Yes. AWD, and over 300 horsepower. Sounds fun, no? I will miss the outgoing M140i and it’s prior, the M135i. Rear-wheel drive, turbocharged six-cylinders (the new 1-series will be 3 and 4-cylinder engines only), and a standard manual transmission. All that, but in a highly practical, attractive hatchback shape. Okay, it was slightly awkward in some angles, just as the Z3 coupe was, but a seriously cool car to those in the know. Seeing an Estoril Blue example in Scotland once warranted a well-deserved 5 minute walk around to indulge in this crazy curiosity from across the pond. The USA only got the coupe version, the 2-series. Why more Americans don’t like hatchbacks and estate cars is beyond me. They’re cool! And Practical!

It’s Not Even Coming Here

Yes, for us in the United States, currently plans do not appear for the new 2020 1-series to be sold in the United States. Why could that be? BMW has hired enough researchers to determine the demand would be too little, surely. America has never embraced the hatchback quite like Europe. Though, why are Golfs, Focuses, and Fiestas so dang popular?

BMW Just Unveiled Its 2020 X1

Making cars in 2020 is a little bit like Goldilocks when you’re one of the German Big Three. Nothing can be too hot or too cold, so you end up with 32 flavors of car.

That’s actually an understatement if you can believe it, Mercedes and BMW each offer 14 distinct model lines with a bevy of trim levels under each.

Making cars in 2020 is a little bit like Goldilocks when you’re one of the German Big Three. Nothing can be too hot or too cold, so you end up with 32 flavors of car.

That’s actually an understatement if you can believe it, Mercedes and BMW each offer 14 distinct model lines with a bevy of trim levels under each.

The X1 is the inevitable product of this niche obsession, but it’s not the most awkward stepchild of the BMW line. As a compact crossover, the X1 is becoming part of the “new normal.”

It offers car buyers who need a little more provenance than a Toyota C-HR or Subaru Crosstrek an upmarket solution. For 2020, it gets a tidy facelift, new features and alternative power.

Smiles for Miles

In keeping with the design language BMW has used across it’s X brand, the smallish crossover gets a bold and broad new kidney grill design.

The taller grille is not so overwhelming as in the larger X5 and X7 SUVs, and is complimented by a redesigned set of LED headlamps and more defined front fascia with chrome trim and new integrated driving lamps nestled into the front airdam.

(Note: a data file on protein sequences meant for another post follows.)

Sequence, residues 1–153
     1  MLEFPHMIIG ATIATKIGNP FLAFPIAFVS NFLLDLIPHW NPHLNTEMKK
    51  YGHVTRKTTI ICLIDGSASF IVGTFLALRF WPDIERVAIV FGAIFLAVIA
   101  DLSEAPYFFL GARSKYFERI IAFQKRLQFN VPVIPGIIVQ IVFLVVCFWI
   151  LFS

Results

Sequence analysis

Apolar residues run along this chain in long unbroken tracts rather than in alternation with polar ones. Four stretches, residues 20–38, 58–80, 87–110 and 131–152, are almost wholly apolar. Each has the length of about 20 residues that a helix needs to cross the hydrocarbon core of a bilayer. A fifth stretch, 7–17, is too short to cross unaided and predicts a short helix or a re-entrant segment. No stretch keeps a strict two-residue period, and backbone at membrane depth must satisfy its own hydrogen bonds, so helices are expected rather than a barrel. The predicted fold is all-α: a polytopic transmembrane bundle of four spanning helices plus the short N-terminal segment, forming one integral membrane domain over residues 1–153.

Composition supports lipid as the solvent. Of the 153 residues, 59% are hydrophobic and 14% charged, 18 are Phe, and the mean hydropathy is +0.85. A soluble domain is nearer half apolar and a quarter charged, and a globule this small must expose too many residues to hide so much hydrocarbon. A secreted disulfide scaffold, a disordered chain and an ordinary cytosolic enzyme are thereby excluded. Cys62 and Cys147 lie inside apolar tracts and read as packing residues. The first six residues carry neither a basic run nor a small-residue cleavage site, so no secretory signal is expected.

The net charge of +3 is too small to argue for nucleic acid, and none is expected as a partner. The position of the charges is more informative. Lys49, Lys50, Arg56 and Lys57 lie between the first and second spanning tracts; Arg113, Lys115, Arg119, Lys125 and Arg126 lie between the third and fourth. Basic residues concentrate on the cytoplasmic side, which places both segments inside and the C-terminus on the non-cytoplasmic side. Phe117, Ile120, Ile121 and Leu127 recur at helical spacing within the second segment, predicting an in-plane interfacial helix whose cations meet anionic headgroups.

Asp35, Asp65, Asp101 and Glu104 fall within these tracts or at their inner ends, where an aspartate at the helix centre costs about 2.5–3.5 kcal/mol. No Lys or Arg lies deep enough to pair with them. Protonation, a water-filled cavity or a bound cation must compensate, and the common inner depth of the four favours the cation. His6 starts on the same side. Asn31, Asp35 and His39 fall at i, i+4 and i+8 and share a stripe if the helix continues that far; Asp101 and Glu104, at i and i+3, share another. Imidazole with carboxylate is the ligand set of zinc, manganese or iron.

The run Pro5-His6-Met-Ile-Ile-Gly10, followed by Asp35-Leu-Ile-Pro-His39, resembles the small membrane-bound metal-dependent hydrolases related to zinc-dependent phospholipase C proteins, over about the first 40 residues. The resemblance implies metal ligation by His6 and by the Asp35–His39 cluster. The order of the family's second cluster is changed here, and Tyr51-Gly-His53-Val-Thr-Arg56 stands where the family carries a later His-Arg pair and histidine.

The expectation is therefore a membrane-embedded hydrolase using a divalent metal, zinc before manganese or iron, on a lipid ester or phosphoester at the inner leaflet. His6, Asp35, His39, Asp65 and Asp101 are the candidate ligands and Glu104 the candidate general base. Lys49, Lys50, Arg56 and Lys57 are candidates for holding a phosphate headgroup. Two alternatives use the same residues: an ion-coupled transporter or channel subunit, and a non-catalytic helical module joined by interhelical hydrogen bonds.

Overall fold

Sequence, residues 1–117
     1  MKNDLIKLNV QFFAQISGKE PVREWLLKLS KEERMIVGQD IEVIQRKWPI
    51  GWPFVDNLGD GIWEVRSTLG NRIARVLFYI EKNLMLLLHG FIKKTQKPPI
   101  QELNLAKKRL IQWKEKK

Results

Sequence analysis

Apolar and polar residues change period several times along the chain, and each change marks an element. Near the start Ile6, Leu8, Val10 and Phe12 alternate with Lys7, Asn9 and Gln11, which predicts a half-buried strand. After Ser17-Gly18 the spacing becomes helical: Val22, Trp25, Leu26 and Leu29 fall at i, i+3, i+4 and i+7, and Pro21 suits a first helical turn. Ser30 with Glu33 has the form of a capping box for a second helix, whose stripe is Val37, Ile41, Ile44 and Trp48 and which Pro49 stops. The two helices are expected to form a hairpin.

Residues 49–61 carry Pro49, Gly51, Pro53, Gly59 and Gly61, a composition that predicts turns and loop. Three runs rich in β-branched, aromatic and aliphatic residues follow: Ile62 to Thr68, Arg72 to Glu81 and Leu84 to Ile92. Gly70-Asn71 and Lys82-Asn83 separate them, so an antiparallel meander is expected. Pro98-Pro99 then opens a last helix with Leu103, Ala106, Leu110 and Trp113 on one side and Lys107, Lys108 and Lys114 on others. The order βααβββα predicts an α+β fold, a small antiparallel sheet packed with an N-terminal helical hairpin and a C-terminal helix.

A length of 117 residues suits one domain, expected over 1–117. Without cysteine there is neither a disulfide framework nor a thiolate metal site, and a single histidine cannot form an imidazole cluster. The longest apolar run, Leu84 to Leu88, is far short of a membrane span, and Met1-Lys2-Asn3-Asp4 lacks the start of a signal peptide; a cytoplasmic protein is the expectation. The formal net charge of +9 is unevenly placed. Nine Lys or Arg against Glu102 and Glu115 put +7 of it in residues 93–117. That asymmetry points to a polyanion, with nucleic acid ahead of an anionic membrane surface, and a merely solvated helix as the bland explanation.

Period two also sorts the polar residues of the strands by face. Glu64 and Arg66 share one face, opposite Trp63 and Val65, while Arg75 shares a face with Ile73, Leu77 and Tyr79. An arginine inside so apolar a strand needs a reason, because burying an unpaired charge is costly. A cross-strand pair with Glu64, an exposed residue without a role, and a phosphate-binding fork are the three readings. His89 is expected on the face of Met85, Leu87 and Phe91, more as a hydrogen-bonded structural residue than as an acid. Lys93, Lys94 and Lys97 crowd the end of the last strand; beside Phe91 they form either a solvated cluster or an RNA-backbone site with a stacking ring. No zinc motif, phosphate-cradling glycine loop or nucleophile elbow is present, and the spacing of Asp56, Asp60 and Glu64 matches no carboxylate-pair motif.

The plastic surgery continues out back, where new L-shaped taillights differentiate your new X1 from older models. There are slightly larger exhaust outlets and a revised aero package for the M Sport trim package, which includes side skirts, wheel arch trim and some modest ground effects back on the car’s chin.

For 2020 you’re able to specify your X1 in three new hues, Storm Bay metallic, which is like a fancy grey, Misano Blue metallic and Jucaro Beige. So they haven’t exactly gone bonkers with the MOPAR Plum Crazy Purple paint gun. Wheel selection for the X1 expands to include a new Y-spoke design available in 18 or 19 inch sizes.

On the inside, a larger display helps you keep up with the Jones’s and there’s a now a rich Dakota leather interior that comes matched to dash and door handle trim. Perhaps the most meaningful if not the most exciting change is an updated version of the time-tested ZF eight speed automatic transmission that now ships with the X1.

X1 Goes Earthy

BMW has been no slowpoke when it comes to getting on board the transition to hybrid and electric cars. The Bavarian company plans to offer electric or hybrid options across the model range in the near future and for the X1, that future is 2020.

The X1 xDrive 25Le will hit the world market next year, adding a hybrid to the diesel option that has been available since the crossover’s introduction in international markets.

BMW claims that with electrification, the X1’s hybrid system achieves 141.2 mpg, which is more than you could ever hope to achieve with an oil-burner or traditional gasoline engine, even with the latest and greatest technologies.

An all-electric mode allows the X1 about 30 miles of range on battery alone, which might be helpful for jaunts around town and will be required to make the care salable in parts of Europe where such a mode is required.

It’s not clear yet whether we’ll see the hybrid 25Le come to the US, however with the X1 confidently earning the top selling spot in BMW’s SUV (SAV, XUV, what is this thing?) line, it would be no surprise to see some variant of this powertrain arrive on US shores within a few years time.